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Love Lessons: Musiq Soulchild and Tressie Cottom

11 Feb

When I sat down to write the song that came to mind for me was Musiq Soulchild’s Love.  I thought about this beautiful ballad because it allows for a much bigger vision of love that includes all manner of relationships including the one we have with ourselves.  Soulchild sings…

Love
So many people use your name in vain
Love
Those who have faith in you sometimes go astray
Love
Through all the ups and downs the joys and hurts
Love
For better or worse I still will choose you first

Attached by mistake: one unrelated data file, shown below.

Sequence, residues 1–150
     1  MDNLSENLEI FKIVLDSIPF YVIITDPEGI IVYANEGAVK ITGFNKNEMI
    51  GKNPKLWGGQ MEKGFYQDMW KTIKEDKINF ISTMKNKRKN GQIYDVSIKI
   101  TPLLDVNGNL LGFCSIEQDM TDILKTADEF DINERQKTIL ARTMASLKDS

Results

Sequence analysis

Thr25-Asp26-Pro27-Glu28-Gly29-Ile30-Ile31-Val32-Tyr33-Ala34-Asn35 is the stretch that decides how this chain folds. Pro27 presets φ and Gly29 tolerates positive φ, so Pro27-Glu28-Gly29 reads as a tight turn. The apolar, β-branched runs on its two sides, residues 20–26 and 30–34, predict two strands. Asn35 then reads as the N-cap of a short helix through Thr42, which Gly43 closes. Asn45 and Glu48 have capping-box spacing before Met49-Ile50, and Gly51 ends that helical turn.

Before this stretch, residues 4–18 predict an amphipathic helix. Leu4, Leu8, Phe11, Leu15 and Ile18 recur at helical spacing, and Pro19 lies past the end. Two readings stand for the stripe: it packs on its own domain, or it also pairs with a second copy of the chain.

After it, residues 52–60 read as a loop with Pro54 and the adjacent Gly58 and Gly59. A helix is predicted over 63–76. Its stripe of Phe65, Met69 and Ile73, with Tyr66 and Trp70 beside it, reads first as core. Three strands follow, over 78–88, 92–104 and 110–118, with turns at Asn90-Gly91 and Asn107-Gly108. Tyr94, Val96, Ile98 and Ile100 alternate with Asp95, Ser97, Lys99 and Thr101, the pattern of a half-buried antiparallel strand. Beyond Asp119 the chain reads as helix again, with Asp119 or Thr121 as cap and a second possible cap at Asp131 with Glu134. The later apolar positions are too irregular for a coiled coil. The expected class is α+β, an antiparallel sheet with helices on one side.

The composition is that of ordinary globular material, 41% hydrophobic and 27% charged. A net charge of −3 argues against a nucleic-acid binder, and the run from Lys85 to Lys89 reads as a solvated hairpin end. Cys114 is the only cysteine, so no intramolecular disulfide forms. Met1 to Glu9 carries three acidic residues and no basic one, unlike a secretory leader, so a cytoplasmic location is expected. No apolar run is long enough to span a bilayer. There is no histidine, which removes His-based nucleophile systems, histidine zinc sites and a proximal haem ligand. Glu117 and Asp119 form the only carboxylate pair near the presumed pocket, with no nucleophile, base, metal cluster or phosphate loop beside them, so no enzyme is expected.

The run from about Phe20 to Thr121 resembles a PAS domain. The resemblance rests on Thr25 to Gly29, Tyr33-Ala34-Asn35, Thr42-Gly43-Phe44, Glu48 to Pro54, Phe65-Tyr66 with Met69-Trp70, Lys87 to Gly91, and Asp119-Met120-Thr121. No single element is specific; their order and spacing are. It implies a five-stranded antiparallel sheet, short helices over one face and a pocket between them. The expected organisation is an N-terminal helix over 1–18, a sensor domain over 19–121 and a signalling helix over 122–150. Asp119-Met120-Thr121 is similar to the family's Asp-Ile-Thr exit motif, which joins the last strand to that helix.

I have been reflecting on the love of my sisters, particularly in feminism.  I have been troubled by the fact that many of my sisters have been struggling for a number of reasons, but there are certain hurts that just should not be.  A few weeks ago I read a blog by my sister-in-scholarship, Tressie Cottom, super-scholar and new friend who lamented on the lack of love demonstrated when a student at the University of Chicago threatened to circulate a mugshot photo of her in an effort criminalize her, attack her character, and denounce her scholarship, simply because he disagreed with her perspective on the importance of grades in graduate school.  REALLY! While for many of you this is old news, I bring this up because I realized that the reason she was even in the Atlanta University Center area near Morehouse College is because she was lost trying to get to me to join my class for a celebration dinner.  But instead of weighing in on the ridiculousness that occurred, both Morehouse police for pulling her over and “booking” her and U of C brotha-student lacking basic decency and manners, I want to focus on how love guides much of the work the feminists in my life do regularly.